The answer to question #3—how early to get these copies—is best answered by looking at how they will be used. As I noted, prepublication reviewers need to have the book in hand four months prior to publication. Peer review copies can be circulated six months or more before publication to make certain there’s enough time to deal with any substantial changes or suggestions that come from reviewers.

And for question #4—do they have to be perfect—the answer is no. These copies do not have to be fully finished or proofread. Traditionally these copies carried a statement something like this:

Advance Review Copy / Uncorrected Page Proofs / Please check final published copies before quoting from this book.

Originally we called these Bound Galleys, because they were simply proofs of the long galleys of type right after it had been set. No page makeup, running heads, page numbers or illustrations were included, and no proofreading had been done. So the tradition with these advance copies is pretty clear and consistent.

You might think of even more ways to use advance copies of your book, and I’d love to hear about them.

Takeaway: Copies of your book printed in advance of publication from files that may not be proofread and complete are traditionally used for both editorial and promotional tasks. They are a handy and economical way to privately circulate a book before publication.

tbd advanced publishing starter kit


  1. Susan Wittig Albert

    I used ARCs for a couple of giveaways on Goodreads, thereby earning some nice Goodreads reviews and a substantial number of “adds” and “to-reads.” Since my latest book, A WILDER ROSE, is controversial, I sent ARCs to bloggers familiar with the subject, resulting in several good Q&As and reviews.

  2. Linda Nagata

    Thanks for this information. This, along with the posts on 48hour books and Preparing Your Arcs, provide exactly what I need to know at this stage. I want to do some Advance Reader copies. I’d been thinking I could print them at CreateSpace or something similar, but discovered the book would have to carry a copyright date corresponding to the print date for the ARC–which definitely wouldn’t work. Thanks for pointing me in the right direction!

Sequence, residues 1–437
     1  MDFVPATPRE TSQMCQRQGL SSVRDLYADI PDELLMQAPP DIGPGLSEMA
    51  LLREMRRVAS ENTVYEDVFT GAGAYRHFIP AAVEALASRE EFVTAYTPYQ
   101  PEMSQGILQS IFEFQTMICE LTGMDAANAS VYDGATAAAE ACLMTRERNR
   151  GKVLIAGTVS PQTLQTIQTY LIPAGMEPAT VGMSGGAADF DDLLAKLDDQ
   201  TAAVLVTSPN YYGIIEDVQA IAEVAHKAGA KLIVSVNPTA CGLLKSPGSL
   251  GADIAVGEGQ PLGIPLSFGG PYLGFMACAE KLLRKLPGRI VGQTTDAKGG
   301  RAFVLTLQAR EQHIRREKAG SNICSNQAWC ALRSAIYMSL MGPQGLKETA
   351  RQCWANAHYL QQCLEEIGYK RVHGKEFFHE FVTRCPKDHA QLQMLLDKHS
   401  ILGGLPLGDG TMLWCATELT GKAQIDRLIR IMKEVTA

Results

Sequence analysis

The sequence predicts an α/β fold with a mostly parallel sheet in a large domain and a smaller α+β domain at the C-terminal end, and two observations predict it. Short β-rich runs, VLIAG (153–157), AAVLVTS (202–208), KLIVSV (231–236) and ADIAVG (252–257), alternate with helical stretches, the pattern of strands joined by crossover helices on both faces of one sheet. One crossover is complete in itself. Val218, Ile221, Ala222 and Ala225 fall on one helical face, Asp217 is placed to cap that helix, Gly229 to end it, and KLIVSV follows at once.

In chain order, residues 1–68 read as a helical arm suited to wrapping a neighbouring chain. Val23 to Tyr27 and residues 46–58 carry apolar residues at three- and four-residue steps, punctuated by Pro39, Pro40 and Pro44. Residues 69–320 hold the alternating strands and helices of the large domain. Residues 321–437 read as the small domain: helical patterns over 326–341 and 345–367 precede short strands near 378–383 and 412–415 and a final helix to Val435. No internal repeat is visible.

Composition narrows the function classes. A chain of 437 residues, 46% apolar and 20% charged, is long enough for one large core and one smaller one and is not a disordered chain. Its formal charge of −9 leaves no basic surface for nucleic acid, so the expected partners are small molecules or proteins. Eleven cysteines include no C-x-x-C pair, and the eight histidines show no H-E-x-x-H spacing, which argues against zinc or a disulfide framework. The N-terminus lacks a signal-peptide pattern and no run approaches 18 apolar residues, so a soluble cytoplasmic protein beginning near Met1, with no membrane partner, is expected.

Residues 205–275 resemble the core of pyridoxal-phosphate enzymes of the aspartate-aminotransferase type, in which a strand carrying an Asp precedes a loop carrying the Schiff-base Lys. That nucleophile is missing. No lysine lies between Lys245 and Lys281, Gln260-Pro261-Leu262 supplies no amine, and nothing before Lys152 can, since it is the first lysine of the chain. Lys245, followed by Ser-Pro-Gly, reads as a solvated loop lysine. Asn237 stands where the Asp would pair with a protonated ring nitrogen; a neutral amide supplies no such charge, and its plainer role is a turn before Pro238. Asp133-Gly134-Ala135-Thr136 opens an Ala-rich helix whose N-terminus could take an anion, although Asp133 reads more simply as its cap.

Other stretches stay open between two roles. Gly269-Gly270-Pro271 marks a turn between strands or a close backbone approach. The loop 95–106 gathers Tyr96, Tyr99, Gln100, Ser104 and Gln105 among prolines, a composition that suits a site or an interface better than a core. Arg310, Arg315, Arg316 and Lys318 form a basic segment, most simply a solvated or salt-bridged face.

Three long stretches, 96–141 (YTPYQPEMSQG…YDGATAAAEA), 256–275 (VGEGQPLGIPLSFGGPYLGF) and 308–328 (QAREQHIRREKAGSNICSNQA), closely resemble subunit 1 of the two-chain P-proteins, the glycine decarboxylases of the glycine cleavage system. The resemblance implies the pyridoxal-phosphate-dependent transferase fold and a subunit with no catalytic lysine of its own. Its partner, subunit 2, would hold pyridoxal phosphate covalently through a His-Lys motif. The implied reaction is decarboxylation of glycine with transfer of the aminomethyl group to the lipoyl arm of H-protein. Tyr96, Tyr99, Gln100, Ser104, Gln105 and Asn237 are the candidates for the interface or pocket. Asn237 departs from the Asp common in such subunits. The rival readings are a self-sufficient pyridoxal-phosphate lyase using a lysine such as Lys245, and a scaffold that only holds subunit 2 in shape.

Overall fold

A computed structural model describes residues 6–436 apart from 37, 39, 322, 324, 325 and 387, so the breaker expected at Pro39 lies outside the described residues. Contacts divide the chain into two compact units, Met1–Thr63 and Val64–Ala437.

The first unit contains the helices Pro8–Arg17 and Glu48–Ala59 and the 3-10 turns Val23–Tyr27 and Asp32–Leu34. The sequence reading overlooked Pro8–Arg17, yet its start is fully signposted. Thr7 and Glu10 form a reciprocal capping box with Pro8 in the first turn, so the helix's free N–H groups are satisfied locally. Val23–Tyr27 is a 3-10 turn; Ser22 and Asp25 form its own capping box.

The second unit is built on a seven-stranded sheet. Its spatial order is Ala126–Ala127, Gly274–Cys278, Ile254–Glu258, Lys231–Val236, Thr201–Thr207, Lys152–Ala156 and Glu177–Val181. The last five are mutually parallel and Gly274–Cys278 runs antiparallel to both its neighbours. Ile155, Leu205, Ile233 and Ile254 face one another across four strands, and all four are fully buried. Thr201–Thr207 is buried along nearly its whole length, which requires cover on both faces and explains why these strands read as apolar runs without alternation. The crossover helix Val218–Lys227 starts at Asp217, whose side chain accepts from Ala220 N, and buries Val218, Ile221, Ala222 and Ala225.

• Joel Friedlander

      Linda, glad it helped. It looks like I ought to collect the posts you mentioned into one downloadable file since it might be of help to others navigating this same situation. Thanks for reading.

  3. Joel

    Hey, Joel, thanks for your comment. And thanks for pointing people to an easy way to “cook” PDFs out of MS Word, that’s really handy. And I would have to agree on your evaluation of Word as a typesetting tool, something I’ve wrtiten about before. I’d vote for the “pay a pro” option. You’ll end up with a better looking book, done properly, and you won’t have to go through the $500 for InDesign and the rather steep learning curve to master it, just to do one book.

  4. Joel Haas

    You don’t need a Mac with Preview to convert a MS Word .doc to a PDF. There’s a little “convert to PDF” button in your toolbar in MS Word. Same’s true for the free and just as good Open Office (and its Mac version, Neo Office)
    Simple button click on version of .doc files to PDF can produce (in fact, in a long, complex manuscript with any tables or illustrations) is guaranteed to produce some results looking odd an unprofessional on some pages.
    Better to bite the bullet and buy and learn Adobe InDesign for layout or pay a pro to lay it out.